In that same conversation, Christina Livingston posed a question, “What can funders really do differently to hear from communities – what are tangible practices and mechanisms that not only provide information but substantively form strategy?” While on the surface, this is not a question that appears to make our sector uncomfortable (because we embrace feedback loops, right?), the discomfort may come when community and nonprofit partners challenge us to take actions that fall outside our comfort zones.

In that vein, I’ve been taking note — from The Whitman Institute’s stellar network of partners and from the powerful sessions and speakers at the GEO conference the past few days — of concrete ways that we can move from uncomfortable truths to courageous action.  It’s not rocket science, but for those of us inspired to continue to move our institutions in these ways will require us to lean into vulnerability, collaboration, and courage.

Pass the (Decision and Strategy Making) Ball to Community
Instead of trying to get a slam dunk based on our own top-down strategies, what if we passed some of that strategy- and decision-making to community leadership who have direct experience with the issues we seek to address? We’ve heard in various forms that we need to be a sector that listens more closely and becomes willing to follow the direction and recommendations of communities bearing the brunt of generations old structural inequities.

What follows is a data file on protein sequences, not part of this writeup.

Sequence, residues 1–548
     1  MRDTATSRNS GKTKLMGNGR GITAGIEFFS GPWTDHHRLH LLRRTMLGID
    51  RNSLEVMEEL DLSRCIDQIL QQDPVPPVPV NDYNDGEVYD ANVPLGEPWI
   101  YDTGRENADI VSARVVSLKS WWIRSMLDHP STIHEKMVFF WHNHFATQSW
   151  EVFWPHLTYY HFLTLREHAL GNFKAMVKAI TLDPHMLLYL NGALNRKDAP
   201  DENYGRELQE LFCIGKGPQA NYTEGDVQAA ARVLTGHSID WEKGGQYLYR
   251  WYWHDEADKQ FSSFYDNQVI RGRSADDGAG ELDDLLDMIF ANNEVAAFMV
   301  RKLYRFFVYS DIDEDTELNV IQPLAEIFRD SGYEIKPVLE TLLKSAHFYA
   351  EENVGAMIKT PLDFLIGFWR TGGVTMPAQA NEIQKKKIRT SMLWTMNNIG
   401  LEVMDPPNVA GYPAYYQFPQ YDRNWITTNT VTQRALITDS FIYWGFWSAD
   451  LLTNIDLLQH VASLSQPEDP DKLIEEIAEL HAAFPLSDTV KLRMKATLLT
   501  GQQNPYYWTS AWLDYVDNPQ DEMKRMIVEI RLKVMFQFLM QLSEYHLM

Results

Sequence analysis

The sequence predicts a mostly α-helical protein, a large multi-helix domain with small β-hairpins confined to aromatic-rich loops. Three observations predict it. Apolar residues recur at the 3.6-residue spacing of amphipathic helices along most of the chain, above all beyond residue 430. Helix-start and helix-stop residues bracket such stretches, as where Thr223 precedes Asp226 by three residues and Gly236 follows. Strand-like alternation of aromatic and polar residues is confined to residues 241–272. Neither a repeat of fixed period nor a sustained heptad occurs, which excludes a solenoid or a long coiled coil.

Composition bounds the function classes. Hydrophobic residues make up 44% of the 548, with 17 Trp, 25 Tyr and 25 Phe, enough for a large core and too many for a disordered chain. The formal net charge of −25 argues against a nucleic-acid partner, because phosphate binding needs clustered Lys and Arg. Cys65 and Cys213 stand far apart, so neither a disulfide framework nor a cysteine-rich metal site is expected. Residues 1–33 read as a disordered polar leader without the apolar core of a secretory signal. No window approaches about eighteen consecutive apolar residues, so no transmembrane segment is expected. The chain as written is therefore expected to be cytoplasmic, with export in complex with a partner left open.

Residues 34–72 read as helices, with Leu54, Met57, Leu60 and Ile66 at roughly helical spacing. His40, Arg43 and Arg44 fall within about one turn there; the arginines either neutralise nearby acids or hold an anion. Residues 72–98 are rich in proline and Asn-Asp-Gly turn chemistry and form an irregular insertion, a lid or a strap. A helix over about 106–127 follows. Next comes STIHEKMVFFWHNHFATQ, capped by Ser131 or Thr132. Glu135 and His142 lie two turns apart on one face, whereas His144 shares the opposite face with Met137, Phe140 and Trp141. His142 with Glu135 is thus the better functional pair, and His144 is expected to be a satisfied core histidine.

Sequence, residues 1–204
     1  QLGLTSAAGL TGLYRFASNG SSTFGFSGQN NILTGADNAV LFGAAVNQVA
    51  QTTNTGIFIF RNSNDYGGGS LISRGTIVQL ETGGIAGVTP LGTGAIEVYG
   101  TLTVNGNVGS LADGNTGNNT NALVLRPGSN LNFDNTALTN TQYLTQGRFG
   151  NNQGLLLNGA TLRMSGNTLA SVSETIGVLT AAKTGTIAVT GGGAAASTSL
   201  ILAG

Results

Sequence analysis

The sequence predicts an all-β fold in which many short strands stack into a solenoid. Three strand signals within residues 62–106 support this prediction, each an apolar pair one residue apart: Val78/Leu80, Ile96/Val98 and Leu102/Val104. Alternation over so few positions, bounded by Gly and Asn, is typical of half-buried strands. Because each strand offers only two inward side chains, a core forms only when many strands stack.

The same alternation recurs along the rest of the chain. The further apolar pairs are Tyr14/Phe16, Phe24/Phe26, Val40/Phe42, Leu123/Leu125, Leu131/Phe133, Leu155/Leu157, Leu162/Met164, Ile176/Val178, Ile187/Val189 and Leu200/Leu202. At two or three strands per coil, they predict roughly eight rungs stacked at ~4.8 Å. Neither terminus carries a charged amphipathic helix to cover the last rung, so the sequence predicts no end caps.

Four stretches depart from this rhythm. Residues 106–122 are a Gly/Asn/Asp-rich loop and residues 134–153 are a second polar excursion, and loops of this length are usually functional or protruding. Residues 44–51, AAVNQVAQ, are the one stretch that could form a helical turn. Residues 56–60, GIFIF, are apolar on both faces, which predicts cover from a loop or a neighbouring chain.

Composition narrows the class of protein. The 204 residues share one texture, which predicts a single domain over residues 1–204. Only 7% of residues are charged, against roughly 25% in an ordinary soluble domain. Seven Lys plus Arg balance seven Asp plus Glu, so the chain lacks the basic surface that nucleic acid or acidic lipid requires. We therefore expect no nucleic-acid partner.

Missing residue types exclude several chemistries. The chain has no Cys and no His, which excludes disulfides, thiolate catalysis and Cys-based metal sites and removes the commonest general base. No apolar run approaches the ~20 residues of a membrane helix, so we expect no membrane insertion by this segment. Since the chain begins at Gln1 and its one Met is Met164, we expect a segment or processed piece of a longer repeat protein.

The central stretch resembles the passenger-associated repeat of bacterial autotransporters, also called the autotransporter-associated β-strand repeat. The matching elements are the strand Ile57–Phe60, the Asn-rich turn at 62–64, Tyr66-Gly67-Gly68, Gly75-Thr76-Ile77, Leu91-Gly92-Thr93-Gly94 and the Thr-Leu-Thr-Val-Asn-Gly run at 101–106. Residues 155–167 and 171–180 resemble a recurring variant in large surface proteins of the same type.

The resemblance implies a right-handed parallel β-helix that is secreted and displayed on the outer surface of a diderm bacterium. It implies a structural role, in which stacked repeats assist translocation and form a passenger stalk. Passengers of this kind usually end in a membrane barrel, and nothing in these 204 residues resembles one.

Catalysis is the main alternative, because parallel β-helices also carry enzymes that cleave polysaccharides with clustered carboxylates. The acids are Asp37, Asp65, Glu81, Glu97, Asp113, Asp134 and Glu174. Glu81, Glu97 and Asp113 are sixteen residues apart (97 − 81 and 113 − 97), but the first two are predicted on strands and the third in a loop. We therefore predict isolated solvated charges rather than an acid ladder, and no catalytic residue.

Change the Lineup
I wasn’t intending these recommendations to be totally referential to basketball, but it is playoff season.  While we can and should strive to educate those in power about racial (in)equities, we will not achieve true equity until we diversify the lineup of who sits at the decision-making table.  Remember the graph that Kathy Reich showed us that in philanthropy: 89% of chief executive identified themselves as white, 85% of board members identified themselves as white, and 40% of foundation boards identified themselves as entirely white.  Given that the inequities of our time (economic, environmental, social, political, technological) all fall disproportionately on black and brown communities, our rosters should show a drastically different executive and board makeup by 2038.

Change Up the Plays
The breakfast panel on affordable housing noted that a half million dollar investment in a policy and advocacy strategy resulted in the passing of a measure that would go on to produce 2 billion dollars of new affordable housing.  If we haven’t considered the role of advocacy when funding for complex social change and social benefit, perhaps it’s time we did. If we have only looked at single issues with singular solutions, it might be time to study up on how interrelated our one issue is to many others.

Let Go of Habitual Structures of Distrust
If we really examine our funding protocols, we may find they are based on the premise that we should be inherently suspicious of nonprofits and communities, and that they need to prove their trustworthiness before we enter into relationship with them.  By adopting a trust-based approach — which includes rigorous listening, inquiry, relationship building, and thorough research as due diligence — we can reverse this distrustful paradigm while saving tons of time and trouble.  Before that long climb to the top of our inbox, let us reflect and revisit the underlying values and premises of our grantmaking structures and be willing permanently to bench those habits that don’t align with our values and missions.